I have always given my £10 a month to a few charities, I didn’t really look into the charities that much other than if I had heard of them then I would donate.
Every year I would buy a couple of cakes for the big national charities knowing my 20p was going towards helping people.
I didn’t have to think about it, so I worked on the ignorance is bliss side of things.
It wasn’t until I was in a position where I needed help in getting sensory equipment for my children, that I understood what charities could help with.
It wasn’t until I needed someone to talk to going through the same thing, that I knew that charities brought families in similar situations together.
It wasn’t until I needed to speak to people about rare conditions and tests and what it meant emotionally for a parent that I understood what help there was out there.
I didn’t realise there were a lot of nationwide charities that had been around for decades that I had never heard of.
I realised how easy support was if you could find the right charity.
I realised that to get funding for equipment or for some private therapy, a lot of charities needed you to be claiming middle or higher rate Disabilities Living Allowance, that numerous doctor’s reports stating that you had a child with disabilities wasn’t enough to get the funding you need, that you need the government to officially say you were looking after a disabled child to get the help.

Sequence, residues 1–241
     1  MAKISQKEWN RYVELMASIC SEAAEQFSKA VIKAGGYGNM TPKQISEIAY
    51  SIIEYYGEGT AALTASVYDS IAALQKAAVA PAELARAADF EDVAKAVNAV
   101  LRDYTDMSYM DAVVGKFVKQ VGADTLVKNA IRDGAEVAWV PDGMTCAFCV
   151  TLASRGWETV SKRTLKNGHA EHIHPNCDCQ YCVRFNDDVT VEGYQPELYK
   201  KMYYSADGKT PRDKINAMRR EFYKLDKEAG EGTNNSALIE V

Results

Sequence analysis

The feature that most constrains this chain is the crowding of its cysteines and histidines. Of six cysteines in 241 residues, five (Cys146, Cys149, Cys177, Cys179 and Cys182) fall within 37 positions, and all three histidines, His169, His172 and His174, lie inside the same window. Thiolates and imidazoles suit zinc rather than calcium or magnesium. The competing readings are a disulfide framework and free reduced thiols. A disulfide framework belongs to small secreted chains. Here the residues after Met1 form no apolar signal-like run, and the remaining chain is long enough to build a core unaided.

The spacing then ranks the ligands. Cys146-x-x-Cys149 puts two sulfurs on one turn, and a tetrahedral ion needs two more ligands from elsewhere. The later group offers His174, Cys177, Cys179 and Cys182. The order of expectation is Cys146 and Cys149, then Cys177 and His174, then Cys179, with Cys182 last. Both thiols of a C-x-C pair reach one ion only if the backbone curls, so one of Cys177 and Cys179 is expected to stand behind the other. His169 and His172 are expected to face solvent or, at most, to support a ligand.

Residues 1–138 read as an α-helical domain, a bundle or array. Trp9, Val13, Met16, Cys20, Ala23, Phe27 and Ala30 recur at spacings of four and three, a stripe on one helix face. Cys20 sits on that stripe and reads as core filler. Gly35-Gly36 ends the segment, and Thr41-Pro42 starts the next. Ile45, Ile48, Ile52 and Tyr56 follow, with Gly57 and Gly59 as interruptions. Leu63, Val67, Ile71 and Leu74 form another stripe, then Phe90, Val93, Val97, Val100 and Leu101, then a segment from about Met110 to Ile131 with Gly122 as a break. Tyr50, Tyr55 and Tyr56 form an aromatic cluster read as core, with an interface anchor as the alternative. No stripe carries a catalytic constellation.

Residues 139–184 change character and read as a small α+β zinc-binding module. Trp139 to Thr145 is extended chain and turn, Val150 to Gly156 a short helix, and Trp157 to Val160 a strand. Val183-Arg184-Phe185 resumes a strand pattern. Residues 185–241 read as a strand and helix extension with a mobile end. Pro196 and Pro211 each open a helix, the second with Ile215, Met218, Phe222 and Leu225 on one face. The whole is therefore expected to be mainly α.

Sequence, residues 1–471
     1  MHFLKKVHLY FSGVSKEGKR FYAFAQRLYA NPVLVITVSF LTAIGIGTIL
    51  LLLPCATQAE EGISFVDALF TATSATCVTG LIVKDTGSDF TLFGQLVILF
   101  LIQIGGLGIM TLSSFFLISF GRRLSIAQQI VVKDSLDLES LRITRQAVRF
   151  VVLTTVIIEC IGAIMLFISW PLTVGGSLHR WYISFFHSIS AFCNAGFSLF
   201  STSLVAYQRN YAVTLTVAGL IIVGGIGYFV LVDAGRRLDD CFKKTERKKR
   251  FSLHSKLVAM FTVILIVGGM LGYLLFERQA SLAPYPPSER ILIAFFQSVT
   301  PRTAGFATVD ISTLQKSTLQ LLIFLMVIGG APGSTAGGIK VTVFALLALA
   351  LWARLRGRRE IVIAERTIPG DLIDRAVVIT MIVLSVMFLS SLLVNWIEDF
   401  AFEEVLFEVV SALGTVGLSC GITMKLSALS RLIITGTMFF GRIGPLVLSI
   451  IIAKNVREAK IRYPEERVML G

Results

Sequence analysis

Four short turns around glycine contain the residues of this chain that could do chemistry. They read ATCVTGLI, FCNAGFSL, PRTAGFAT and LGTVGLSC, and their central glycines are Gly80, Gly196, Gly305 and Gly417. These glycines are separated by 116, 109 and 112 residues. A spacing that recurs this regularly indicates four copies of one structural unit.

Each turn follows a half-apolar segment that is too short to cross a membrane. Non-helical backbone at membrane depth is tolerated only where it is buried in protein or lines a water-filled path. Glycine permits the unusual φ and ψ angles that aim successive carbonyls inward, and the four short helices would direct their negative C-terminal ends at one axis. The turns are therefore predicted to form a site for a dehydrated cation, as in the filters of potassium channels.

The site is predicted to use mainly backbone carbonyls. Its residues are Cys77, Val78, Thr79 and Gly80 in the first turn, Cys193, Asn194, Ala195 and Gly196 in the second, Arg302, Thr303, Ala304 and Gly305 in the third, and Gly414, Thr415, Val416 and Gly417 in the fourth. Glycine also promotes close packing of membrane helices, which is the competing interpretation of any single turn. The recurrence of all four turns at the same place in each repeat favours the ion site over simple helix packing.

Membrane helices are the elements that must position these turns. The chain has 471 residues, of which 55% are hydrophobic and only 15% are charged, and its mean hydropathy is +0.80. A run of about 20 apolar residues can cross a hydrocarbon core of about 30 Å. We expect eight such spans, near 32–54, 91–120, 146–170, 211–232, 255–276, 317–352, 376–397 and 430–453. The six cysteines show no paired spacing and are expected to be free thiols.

I realised quite quickly that there are a lot of charities who are pretty much unheard of except in the disability community who really help change the lives of those living with disabilities.
I realised that these lesser known charities are the ones I would have said no to giving a monthly donation.
I learnt that instead of feeling ashamed that I need the help of the charities, I felt so much better for asking for help.
I wasn’t any less of a parent and in fact saying I needed help makes me a better parent to a degree.
This International World of Charity Day (5th September) I will remember and spread the word that, charities are more than just the people trying to stop you in the street on your lunch break.
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